CMA announces probe into music streaming platforms
If music streaming platforms are found to have acted anti-competitively, 'damages could run into billions'
The Competition and Markets Authority (CMA) has announced it will launch a market study into music streaming “as soon as possible” to “foster effective competition in digital markets”.
CMA chief executive, Andrea Coscelli, said: “The UK has a love affair with music and is home to many of the world’s most popular artists. We want to do everything we can to ensure that this sector is competitive, thriving and works in the interests of music lovers.
“Over the past decade, the music industry has evolved almost beyond recognition, with streaming now accounting for more than 80% of all music listened to in this country. A market study will help us to understand these radical changes and build a view as to whether competition in this sector is working well or whether further action needs to be taken”.
The announcement is the latest move from the CMA to encourage competition in digital markets. On 15 July, the Department for Digital, Culture, Media & Sport (DCMS) select committee published a report on its inquiry into the Economics of Music Streaming. It identified several concerns, including the possible market dominance of the major music groups and the potential for contracts between major music labels and streaming services to stifle innovation in the streaming market.
According to the British recorded music industry’s trade association, BPI, streaming accounts for four-fifths (80.6 per cent) of UK music consumption. However, the DCMS report highlighted many musicians and performers were receiving low remuneration and not “receiving a fair share” of streaming revenues compared to labels and streaming platforms, which it said diminishes the UK’s ability to support new domestic talent.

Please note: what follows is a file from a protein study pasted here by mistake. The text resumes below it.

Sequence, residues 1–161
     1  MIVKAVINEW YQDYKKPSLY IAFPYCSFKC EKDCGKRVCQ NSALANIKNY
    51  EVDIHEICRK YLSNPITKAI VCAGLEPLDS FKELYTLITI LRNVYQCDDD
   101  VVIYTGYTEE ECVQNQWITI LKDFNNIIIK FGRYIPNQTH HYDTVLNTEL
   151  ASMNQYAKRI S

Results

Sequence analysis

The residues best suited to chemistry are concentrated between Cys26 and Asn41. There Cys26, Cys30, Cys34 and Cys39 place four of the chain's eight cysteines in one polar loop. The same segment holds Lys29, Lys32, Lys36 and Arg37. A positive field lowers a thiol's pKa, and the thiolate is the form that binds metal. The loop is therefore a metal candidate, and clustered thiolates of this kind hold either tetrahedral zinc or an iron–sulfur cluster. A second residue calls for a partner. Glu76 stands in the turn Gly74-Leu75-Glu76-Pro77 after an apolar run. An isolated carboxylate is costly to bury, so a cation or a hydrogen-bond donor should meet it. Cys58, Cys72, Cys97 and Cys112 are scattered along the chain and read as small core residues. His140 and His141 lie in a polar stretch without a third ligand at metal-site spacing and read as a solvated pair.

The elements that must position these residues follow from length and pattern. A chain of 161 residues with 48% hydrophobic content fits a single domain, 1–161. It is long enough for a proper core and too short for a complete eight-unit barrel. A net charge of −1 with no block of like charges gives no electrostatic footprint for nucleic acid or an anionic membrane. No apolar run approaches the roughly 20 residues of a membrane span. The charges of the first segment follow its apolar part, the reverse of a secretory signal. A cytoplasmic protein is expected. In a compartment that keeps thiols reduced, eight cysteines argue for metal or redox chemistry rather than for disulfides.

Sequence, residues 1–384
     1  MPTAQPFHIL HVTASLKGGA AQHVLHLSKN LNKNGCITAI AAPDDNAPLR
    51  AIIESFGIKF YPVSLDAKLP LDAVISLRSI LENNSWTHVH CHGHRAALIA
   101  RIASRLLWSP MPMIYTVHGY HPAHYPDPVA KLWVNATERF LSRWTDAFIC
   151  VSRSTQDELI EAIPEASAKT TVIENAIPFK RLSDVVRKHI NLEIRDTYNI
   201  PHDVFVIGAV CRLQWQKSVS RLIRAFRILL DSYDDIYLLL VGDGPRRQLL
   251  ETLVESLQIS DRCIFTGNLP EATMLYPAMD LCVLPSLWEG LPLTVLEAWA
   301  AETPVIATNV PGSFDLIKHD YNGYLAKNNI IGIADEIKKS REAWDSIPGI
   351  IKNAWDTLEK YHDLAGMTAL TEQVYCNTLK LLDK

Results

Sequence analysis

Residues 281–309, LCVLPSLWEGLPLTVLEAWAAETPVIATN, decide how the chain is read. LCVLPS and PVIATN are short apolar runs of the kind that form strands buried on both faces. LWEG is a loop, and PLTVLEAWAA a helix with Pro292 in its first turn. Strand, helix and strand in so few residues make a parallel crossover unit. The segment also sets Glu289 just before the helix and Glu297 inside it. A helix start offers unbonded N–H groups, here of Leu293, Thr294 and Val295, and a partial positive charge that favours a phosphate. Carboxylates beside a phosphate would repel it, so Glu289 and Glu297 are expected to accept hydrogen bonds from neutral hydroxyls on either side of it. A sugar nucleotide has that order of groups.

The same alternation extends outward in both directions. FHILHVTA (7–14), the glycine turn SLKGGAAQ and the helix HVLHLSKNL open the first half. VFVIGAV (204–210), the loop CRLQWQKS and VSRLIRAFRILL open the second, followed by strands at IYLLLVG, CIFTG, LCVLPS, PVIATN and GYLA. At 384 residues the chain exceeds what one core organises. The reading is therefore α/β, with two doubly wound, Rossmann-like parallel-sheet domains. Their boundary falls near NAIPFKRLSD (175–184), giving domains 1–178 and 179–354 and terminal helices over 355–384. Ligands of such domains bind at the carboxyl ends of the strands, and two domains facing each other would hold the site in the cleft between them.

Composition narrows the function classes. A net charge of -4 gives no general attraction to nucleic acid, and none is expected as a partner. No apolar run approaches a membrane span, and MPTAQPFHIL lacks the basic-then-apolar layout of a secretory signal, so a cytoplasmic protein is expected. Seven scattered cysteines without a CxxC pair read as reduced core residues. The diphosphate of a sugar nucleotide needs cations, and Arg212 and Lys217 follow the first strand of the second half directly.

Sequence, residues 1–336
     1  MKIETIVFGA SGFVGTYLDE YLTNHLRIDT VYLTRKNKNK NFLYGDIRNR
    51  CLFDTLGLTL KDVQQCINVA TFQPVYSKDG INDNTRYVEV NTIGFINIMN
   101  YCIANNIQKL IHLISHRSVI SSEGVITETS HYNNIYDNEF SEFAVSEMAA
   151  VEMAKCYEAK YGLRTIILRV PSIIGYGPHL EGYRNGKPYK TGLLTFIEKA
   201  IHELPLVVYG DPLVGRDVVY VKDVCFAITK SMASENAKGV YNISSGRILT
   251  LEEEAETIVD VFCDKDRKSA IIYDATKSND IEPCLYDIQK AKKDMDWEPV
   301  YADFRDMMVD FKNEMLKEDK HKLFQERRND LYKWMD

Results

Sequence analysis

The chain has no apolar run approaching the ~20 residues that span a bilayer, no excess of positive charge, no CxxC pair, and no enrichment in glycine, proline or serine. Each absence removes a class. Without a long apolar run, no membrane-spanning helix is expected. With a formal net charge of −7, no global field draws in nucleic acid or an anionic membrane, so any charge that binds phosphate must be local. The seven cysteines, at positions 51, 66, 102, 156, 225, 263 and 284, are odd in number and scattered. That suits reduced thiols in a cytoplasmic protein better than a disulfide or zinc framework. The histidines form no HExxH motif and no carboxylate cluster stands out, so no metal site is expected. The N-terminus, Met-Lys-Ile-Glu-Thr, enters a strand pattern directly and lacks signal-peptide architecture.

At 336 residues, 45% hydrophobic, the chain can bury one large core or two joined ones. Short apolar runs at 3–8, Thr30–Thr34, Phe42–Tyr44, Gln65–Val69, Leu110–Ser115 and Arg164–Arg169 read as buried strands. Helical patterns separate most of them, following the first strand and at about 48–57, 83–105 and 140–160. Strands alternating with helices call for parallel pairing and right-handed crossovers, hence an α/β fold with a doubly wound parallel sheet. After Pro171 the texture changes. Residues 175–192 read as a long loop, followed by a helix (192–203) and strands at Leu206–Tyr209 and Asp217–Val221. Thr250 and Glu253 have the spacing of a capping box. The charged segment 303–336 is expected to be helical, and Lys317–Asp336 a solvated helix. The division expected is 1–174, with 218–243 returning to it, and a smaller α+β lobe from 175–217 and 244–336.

The CMA is currently investigating Google’s ‘privacy sandbox’, Facebook’s use of ad data and Apple’s AppStore. An independent CMA panel is also investigating Sony’s completed acquisition of ‘artist and label’ services provider, AWAL.
In April, the CMA launched the Digital Markets Unit (DMU), which is currently operating in shadow form pending legislation that will provide it with full powers. The DMU will oversee a regulatory regime for the most powerful digital firms, to promote greater competition and innovation, with the aim of protecting consumers and businesses from unfair practices.
Market studies consider why particular markets may not be optimal for consumers. There are a number of possible outcomes from a market study. The CMA may: make recommendations to the government to change regulations or public policy; encourage relevant businesses to self-regulate; take consumer or competition law enforcement action against businesses; make a reference for a more in-depth (phase 2) market investigation; or give the market a ‘clean bill of health’.
Caroline Harbord, senior associate in the dispute resolution team at Forsters, said the market study announcement would “no doubt be of grave concern to streaming platforms such as Spotify”.
She commented: “If the final report suggests that such platforms have acted anti-competitively, this could lead to a gigantic ‘opt out’ class action against the platforms (in the style of the recent Collective Proceedings Orders (CPOs) granted in Merricks v Mastercard, Le Patourel v BT and Gutmann v London and South Eastern Railway Limited”.
Harbord warned: “Given how ubiquitous streaming platforms are, the potential class of claimants could extend to all individuals who have streamed music over a specified period (potentially since the inception of the platforms), and the damages could run into billions (as was the case in each of Merricks v Mastercard and Le Patourel v BT). This is leaving aside class action that the musicians themselves could also launch.
“Le Patourel v BT is of particular relevance here, because the CAT made it clear in that case that a CPO, the order required before an ‘opt out’ group action can proceed, could be granted against BT on the basis of the findings of an Ofcom market review”.
Harbord said that the findings of the music streaming market study could provide “sufficient evidence” for a CPO to be granted against streaming platforms, “whereas the more traditional school of thought was that a specific finding of anti-competitive behaviour had to be made by the EC or CMA.”
She added: “The threshold evidential requirement for granting CPOs has therefore been lowered by Le Patourel v BT, and it seems plausible that any findings of the recently announced market study by the CMA could be enough to get an ‘opt out’ group action against the streaming platforms off the ground.
“Watch this space – while the announcement is good news for consumers and musicians, the streaming platforms may be feeling a sense of impending doom.”